September 2018
Volume 18, Issue 10
Open Access
Vision Sciences Society Annual Meeting Abstract  |   September 2018
Mechanisms behind learned distractor suppression in visual search
Author Affiliations
  • Marian Sauter
    Department of Psychology, Ludwig-Maximilians-Universität München, Munich, Germany Graduate School of Systemic Neurosciences, Ludwig-Maximilians-Universität München, Munich, Germany
  • Heinrich Liesefeld
    Department of Psychology, Ludwig-Maximilians-Universität München, Munich, Germany
  • Hermann Müller
    Department of Psychology, Ludwig-Maximilians-Universität München, Munich, Germany Department of Psychological Sciences, Birkbeck College, University of London, London, UK
Journal of Vision September 2018, Vol.18, 631. doi:
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      Marian Sauter, Heinrich Liesefeld, Hermann Müller; Mechanisms behind learned distractor suppression in visual search. Journal of Vision 2018;18(10):631.

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      © ARVO (1962-2015); The Authors (2016-present)

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How do we suppress distracting objects? When we search through our environment, for example looking for our friend in a crowded intersection, our attention commonly gets captured by events or things that are irrelevant to the task (like flashing traffic lights or brightly colored billboards). Until recently, the mechanisms behind distractor suppression were poorly investigated. A recent investigation (Gaspelin & Luck; 2017) directly compared three possible mechanisms: global salience suppression (only the salience signal is down-modulated), first-order feature suppression (the distractor feature value gets suppressed directly) and second-order feature suppression (feature discontinuities, i.e. distractor feature dimensions, get suppressed). Their evidence speaks in favor of first-order feature suppression models, but their study was limited to the color dimension. We investigated learned distractor suppression using the probability cueing paradigm: In repetitive visual searches, we can learn to reduce distractor interference when distractors predictably appear in certain regions (Goschy et al., 2014). This has been termed the location probability effect (Geng & Behrmann, 2002). We thereby directly compared learned suppression in the frequent distractor region versus near-maximal interference in the rare distractor region. To address issues raised by the reproducibility crisis, our pioneer study incorporated 184 participants. The results showed (1) a consistent target-location effect (faster RTs for targets in the frequent distractor region than in the rare distractor region) for same-dimension distractors but not different-dimension distractors; ruling out first-order feature suppression as an explanation. In further studies, we revealed (2) that differential mechanisms of such learned suppression are prevalent even over 24 hours, (3) evidence for this suppression using event-related potentials and (4) most importantly: the results generalize to other dimensions. Overall, our investigations speak largely in favor of inclusive second-order feature suppression models (like the dimension-weighting account), while not denying an element of first-order feature suppression.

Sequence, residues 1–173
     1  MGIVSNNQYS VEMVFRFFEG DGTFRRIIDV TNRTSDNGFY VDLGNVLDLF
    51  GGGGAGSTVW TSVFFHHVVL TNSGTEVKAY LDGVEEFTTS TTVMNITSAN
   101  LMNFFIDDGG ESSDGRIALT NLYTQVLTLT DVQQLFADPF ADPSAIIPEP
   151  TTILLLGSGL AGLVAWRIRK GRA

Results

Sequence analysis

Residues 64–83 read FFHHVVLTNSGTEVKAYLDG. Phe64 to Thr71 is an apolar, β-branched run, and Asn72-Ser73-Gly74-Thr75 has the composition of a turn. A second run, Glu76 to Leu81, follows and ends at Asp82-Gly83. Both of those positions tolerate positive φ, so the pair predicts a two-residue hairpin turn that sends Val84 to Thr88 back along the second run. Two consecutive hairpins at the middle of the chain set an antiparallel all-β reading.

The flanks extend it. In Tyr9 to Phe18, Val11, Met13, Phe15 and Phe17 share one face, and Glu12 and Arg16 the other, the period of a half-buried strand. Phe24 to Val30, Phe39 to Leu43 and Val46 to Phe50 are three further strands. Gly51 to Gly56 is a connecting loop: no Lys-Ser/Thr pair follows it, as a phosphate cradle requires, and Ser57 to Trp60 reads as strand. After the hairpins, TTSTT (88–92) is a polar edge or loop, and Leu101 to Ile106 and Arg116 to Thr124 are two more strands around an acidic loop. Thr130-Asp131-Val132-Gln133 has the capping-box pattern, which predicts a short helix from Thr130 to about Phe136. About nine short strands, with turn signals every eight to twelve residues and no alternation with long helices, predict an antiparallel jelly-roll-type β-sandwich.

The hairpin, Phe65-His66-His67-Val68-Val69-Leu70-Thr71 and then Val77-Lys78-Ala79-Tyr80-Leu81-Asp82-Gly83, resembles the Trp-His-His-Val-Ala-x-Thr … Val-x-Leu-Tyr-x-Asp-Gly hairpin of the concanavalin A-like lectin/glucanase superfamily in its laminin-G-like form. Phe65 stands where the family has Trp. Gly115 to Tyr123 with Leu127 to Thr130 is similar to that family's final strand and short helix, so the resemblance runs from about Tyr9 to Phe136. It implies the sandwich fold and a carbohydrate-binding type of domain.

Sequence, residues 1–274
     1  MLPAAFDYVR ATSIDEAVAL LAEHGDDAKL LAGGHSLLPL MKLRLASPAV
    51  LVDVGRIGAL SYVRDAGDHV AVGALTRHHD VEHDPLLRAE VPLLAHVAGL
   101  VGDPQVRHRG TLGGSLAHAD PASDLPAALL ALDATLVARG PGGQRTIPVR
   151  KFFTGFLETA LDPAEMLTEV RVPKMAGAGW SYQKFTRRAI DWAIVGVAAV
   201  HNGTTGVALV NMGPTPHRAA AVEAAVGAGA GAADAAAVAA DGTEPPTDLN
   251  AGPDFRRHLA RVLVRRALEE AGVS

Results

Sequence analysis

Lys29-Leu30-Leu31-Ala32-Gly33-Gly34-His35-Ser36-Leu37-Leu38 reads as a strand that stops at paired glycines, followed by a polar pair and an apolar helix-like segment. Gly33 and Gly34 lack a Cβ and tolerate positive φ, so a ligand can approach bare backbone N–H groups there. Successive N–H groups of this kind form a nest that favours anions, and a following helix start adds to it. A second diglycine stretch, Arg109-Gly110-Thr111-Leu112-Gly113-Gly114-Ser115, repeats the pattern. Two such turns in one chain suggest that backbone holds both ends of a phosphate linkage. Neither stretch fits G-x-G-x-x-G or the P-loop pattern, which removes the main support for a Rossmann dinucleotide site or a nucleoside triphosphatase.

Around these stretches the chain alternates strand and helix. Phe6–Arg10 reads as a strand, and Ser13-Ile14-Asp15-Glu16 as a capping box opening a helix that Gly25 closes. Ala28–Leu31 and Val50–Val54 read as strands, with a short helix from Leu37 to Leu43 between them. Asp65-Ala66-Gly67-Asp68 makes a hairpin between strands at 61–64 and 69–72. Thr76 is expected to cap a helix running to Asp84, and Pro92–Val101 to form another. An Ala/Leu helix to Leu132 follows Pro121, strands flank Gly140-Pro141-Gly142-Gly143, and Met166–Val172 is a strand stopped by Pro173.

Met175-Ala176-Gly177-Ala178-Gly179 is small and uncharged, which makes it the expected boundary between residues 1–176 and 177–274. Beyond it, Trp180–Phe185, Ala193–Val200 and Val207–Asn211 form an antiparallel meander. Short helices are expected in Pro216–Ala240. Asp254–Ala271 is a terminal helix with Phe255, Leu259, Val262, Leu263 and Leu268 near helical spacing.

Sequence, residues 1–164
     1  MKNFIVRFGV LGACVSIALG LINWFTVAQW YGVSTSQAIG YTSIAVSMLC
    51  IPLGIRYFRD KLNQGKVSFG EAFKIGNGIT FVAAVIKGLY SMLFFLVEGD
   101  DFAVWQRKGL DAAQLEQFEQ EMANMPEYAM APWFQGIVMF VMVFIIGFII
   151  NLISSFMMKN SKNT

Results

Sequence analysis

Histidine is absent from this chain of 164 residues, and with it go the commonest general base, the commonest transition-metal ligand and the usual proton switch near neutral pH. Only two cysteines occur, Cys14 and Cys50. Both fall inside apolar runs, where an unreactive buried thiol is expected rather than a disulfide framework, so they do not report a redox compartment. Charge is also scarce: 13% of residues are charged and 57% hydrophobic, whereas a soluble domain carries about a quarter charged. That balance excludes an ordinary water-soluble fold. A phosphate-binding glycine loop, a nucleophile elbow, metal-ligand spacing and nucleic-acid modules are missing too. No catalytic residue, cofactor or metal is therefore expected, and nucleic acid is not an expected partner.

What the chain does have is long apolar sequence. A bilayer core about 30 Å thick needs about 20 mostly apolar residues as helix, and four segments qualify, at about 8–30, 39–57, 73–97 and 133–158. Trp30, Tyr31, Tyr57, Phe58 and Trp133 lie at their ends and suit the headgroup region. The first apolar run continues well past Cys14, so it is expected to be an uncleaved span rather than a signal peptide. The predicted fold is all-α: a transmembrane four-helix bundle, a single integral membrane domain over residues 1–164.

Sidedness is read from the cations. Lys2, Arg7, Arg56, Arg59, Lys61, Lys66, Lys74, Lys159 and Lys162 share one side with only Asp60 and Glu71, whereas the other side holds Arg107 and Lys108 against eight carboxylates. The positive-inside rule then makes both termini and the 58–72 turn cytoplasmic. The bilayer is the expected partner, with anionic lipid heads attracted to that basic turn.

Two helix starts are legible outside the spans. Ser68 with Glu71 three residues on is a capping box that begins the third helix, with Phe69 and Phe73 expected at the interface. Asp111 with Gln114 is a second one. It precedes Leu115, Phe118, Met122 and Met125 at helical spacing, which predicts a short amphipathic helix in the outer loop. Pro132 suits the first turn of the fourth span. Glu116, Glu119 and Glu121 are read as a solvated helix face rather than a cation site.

Meeting abstract presented at VSS 2018


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